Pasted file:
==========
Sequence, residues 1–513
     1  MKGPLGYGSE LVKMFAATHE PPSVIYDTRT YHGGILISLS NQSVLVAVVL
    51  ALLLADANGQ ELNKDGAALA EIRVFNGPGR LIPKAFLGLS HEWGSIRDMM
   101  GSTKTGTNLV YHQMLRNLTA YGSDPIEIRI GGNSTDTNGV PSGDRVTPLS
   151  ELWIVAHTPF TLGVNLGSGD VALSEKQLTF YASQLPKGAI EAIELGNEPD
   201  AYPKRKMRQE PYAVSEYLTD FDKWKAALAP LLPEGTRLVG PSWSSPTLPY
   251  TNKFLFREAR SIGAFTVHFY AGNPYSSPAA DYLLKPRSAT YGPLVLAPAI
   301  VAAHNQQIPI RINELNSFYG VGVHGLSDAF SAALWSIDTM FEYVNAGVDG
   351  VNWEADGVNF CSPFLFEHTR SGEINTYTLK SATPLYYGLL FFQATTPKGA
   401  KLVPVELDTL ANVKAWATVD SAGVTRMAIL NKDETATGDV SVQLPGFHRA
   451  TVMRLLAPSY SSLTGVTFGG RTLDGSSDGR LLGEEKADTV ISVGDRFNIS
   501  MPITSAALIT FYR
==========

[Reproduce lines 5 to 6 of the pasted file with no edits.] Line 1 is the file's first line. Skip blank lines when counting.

   151  ELWIVAHTPF TLGVNLGSGD VALSEKQLTF YASQLPKGAI EAIELGNEPD
   201  AYPKRKMRQE PYAVSEYLTD FDKWKAALAP LLPEGTRLVG PSWSSPTLPY